Brev. Brig. Gen'l
- Feb 14, 2012
- Central Pennsylvania
They all did. And thank you, this Mother's Day. Some famous names whose deeds are well known have ' Mother ' in their bios somewhere in a final paragraph. Or we do not know they were mothers. If we could go back and ask, better believe those bios would be rewritten, and in a big hurry.
620,000 mothers lost sons from 1861 to 1865. Certainly, out of over half a million some who died had already buried her. With creeping up to three million mother's sons fighting the war, that many hearts constricted when news of battle reached distant homes. By war's end, all had paragraphs, not mere footnotes in History's long tome. We salute all of them.
Elizabeth Keckley, one of History’s less recognized geniuses. Not merely Mary Lincoln's dress maker, Keckely and Lincoln met because Elizabeth was already at the top of her game- dress designer ' to the stars '. Her story is incredible. Intensely private about her only child, a son lost to the war, scant mentions of him in her book reduce you to tears. Impacted History? From captive to Duchess through sheer talent, dignity and unimaginable, long hours spent year after painful year. Link to her own writing.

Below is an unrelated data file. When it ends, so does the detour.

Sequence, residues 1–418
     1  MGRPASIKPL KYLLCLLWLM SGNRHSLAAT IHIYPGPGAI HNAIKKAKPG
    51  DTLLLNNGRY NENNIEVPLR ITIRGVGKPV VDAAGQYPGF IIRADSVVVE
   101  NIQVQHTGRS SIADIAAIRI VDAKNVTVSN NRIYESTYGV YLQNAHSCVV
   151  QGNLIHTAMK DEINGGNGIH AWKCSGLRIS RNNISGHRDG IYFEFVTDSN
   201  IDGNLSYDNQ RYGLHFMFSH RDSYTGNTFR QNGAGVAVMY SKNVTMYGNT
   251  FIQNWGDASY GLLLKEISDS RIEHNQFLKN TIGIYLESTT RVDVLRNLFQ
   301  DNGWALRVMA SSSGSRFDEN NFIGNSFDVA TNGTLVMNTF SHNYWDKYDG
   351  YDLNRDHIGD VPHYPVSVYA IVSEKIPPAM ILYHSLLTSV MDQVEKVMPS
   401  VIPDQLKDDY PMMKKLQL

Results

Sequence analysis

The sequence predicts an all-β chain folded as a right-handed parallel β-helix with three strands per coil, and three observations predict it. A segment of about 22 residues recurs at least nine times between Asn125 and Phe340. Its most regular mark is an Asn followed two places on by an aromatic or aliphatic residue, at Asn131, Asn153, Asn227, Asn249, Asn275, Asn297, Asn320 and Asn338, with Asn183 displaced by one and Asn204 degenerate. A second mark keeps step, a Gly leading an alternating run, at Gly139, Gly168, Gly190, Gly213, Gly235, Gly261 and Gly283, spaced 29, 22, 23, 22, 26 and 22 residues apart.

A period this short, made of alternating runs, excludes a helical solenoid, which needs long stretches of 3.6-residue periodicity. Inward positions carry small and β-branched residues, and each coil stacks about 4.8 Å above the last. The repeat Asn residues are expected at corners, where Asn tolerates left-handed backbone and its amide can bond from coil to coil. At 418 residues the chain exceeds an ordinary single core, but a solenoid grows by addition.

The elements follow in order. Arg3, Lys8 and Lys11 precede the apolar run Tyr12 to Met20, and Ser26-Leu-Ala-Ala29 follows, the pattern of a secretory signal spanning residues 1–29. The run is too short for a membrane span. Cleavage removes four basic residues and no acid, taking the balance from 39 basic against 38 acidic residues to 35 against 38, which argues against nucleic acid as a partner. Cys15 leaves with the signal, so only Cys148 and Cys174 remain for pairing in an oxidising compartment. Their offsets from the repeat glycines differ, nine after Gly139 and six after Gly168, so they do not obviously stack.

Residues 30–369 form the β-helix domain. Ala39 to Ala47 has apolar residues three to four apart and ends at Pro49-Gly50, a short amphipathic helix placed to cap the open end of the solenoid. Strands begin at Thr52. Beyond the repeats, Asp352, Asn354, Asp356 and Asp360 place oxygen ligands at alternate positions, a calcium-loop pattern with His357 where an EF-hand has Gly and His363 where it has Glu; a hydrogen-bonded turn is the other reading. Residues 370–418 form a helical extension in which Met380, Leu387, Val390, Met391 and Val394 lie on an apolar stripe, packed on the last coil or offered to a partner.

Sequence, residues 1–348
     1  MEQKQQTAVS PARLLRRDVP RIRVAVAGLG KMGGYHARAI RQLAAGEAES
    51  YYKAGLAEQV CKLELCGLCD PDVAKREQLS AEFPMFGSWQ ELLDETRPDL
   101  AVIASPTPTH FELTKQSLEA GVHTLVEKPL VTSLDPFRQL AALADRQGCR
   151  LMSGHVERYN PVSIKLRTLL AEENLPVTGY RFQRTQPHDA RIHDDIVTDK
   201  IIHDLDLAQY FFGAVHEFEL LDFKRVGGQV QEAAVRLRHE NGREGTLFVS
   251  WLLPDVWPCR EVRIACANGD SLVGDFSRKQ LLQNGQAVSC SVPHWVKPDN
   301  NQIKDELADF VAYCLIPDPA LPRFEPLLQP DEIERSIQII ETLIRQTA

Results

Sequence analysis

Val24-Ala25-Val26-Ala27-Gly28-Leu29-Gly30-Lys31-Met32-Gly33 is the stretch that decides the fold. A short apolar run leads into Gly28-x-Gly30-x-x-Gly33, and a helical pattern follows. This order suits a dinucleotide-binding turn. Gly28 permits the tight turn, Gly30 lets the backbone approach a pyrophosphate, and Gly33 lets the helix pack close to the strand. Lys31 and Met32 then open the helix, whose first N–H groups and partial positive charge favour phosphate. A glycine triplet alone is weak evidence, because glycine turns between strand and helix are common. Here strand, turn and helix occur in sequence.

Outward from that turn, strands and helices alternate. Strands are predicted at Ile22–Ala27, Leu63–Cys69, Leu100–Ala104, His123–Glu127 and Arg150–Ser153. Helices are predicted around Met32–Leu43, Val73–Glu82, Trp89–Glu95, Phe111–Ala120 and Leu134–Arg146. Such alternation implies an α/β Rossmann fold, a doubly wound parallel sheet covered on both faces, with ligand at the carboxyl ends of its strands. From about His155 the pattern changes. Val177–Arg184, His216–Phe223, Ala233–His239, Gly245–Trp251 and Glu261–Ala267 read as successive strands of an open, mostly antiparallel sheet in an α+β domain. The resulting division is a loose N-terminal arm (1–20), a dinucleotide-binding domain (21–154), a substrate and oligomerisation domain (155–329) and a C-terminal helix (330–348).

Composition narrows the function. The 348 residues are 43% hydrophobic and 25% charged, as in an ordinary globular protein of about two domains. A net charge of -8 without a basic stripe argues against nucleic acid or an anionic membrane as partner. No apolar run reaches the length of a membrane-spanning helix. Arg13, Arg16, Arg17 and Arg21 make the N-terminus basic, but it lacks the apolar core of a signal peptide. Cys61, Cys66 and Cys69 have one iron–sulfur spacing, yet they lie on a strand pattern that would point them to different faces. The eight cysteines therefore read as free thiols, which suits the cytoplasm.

Dr. Esther Hill Hawks , armydoc. Dr. John Milton Hawks, husband.Graduated New England Medical College for Women in 1857. Abolitionists, headed Hilton Head providing medical care and running a plantation set up for freed slaves along the coast of South Carolina. She was contract physician in General Hospital Number 10, for black soldiers in Beaufort, South Carolina. Hawks cared for soldiers from the 54th Massachusetts after Morris Island . Post war, she opened a home for orphaned black children- which was also her school. These were her children.
And Happy, Wonderful Mothers Day From Ladies Tea.